Although I can't tell you when it actually began, (it's been going on for many years now- way before I became a leader!) Jim Edwards, ( a Service Team member and leader within our area for both Boy & Girl Scouts), started this event as the "Chocolay Chocolate Challenge", (named after the township.) Every year, the Service Team, or hosting leader decides the theme of the competition, and each troop chooses to make their entry/sculpture ENTIRELY out of chocolate, and something that correlates with the theme. In addition to the competition itself, there are games and activities planned that involve chocolate as well. This is my 2nd year hosting this event with my troop, and I love it! (It is right up my alley after all!) ** Any GS troop can participate ages 6-18.
Some of the themes over the years have been: "Animal Habitats", "Giant Cupcake", "Famous Landmarks", "Holidays", "Girl Scout insignia", etc. Pretty much anything you can imagine! The last couple years we have obtained official judges that are non-biased, to judge the entries based on: composition, overall appearance, and level of difficulty for age. For the judges, we were able to have a local celebrity news anchor, Pastry Chef (not me!), and a third judge, to make the very difficult decisions of which troop would place 1st, 2nd, and 3rd! All girls involved receive a custom designed patch every year, 1st and 2nd receive a trophy, and first place receives ribbons along with the "rotating" Hershey's kiss trophy. (The Hershey's kiss trophy has to be given back prior to each competition the following year!)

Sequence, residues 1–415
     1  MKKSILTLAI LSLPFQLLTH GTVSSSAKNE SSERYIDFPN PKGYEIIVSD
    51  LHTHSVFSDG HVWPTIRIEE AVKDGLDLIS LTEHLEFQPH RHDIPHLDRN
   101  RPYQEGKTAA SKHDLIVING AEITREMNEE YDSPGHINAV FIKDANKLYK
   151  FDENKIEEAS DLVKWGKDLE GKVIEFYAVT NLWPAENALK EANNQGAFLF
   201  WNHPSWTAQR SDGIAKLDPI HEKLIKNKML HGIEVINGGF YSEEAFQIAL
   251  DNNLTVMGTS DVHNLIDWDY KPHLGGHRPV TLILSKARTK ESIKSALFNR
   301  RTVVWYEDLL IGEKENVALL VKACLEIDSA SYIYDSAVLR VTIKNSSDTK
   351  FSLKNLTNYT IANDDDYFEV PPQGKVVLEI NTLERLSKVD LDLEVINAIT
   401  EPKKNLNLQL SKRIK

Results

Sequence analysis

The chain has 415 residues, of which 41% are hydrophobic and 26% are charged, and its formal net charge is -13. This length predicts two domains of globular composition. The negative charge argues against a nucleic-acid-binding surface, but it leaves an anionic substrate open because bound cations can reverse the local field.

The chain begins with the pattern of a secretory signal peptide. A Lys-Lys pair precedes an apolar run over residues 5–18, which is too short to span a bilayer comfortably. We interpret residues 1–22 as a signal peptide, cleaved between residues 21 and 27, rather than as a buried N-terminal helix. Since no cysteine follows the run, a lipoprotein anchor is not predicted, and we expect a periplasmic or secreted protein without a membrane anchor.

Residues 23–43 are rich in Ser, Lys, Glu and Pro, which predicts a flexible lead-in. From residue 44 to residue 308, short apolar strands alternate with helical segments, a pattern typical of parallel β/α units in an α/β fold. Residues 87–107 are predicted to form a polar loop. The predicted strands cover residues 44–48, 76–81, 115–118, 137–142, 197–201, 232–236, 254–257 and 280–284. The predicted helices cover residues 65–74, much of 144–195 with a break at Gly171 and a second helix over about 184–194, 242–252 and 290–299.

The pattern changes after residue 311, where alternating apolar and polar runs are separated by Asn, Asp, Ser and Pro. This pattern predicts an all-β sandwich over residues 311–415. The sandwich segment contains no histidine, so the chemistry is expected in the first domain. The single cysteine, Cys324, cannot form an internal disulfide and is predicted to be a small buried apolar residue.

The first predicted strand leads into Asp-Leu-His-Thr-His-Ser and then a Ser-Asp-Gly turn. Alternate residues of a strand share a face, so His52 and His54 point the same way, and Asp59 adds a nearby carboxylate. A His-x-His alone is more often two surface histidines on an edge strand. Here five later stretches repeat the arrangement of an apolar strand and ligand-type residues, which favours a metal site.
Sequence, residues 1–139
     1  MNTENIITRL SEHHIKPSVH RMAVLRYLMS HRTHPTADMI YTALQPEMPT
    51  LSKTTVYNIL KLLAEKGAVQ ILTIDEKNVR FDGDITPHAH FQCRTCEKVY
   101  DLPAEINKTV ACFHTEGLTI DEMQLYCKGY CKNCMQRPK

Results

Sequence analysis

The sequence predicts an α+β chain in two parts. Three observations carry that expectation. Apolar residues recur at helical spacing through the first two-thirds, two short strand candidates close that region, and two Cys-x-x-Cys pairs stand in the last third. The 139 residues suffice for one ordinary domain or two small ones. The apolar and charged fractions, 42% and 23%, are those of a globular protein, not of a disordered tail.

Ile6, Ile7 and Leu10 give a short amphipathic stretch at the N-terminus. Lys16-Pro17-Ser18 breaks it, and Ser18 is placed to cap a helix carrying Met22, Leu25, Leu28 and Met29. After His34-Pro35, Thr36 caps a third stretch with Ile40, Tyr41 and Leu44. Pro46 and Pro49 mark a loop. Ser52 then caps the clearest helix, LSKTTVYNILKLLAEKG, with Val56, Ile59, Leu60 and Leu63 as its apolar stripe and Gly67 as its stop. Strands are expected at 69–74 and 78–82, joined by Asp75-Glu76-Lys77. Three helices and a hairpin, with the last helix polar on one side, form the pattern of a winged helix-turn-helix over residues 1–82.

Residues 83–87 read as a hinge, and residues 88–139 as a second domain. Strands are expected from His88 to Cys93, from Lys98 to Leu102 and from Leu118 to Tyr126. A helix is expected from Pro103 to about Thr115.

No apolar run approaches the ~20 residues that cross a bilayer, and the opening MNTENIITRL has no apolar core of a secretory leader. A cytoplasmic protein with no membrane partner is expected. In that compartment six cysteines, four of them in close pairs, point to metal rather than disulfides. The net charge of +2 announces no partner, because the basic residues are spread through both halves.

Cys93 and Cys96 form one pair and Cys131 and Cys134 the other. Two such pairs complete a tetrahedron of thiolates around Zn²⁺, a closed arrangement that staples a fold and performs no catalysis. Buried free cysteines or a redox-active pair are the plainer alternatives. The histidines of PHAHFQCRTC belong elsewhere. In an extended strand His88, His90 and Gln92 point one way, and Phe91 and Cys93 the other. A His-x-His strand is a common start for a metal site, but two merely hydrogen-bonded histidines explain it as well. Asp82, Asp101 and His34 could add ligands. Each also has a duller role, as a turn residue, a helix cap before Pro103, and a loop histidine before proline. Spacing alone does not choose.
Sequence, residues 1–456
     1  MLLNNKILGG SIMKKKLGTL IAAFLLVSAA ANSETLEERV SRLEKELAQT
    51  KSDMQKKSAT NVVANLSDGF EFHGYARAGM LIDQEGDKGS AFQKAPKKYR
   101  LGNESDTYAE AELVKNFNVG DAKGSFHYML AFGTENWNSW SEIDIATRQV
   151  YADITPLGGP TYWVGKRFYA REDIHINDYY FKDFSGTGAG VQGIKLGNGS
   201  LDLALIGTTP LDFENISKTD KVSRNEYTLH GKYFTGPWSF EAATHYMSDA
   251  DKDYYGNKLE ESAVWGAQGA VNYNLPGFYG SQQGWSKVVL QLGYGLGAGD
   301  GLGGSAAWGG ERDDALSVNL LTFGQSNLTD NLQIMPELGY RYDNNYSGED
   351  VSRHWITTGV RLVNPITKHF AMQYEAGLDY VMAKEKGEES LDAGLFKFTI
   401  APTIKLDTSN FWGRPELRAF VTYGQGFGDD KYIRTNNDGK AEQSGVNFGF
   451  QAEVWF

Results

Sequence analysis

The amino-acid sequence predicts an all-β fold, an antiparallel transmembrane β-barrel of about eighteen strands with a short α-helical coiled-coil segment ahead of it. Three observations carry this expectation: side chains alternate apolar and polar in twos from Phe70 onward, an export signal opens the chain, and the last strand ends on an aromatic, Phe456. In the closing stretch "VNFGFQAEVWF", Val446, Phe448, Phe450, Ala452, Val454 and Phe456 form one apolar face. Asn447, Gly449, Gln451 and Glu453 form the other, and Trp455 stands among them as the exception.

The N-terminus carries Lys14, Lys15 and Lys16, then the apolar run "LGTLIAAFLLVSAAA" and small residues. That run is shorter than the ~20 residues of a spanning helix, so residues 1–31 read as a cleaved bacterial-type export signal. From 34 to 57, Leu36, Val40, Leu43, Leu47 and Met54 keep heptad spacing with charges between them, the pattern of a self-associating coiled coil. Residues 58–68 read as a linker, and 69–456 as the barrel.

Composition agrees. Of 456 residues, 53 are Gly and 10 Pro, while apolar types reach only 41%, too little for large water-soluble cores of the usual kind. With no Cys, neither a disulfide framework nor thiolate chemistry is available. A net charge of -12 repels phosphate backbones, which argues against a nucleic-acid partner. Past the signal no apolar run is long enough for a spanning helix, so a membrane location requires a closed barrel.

For the girls, (or any youth), this competition is a wonderful teaching tool for "team-building" skills, creativity, working with chocolate and edible materials, and public speaking. This is not an INDIVIDUAL competition! They must choose their idea collectively, figure out (as a team) how to implement their entry using whatever resources they have available, and work together to make it happen! Some teams have problems, and have to change their plans, or work through their challenges to change the outcome. Many of the items they are able to use are all donated by or from the parents- as troop funds are usually always limited. At the competition, the girls have to either send a "representative", or go up as a collective team to explain their project, so the judges have a better understanding of the composition, age of group, and the idea they were trying to execute.
Win or lose, the girls have fun, take pride in their work, and take away a lot of important skills and lessons from this competition! Hey, when chocolate's involved, you just can't go wrong!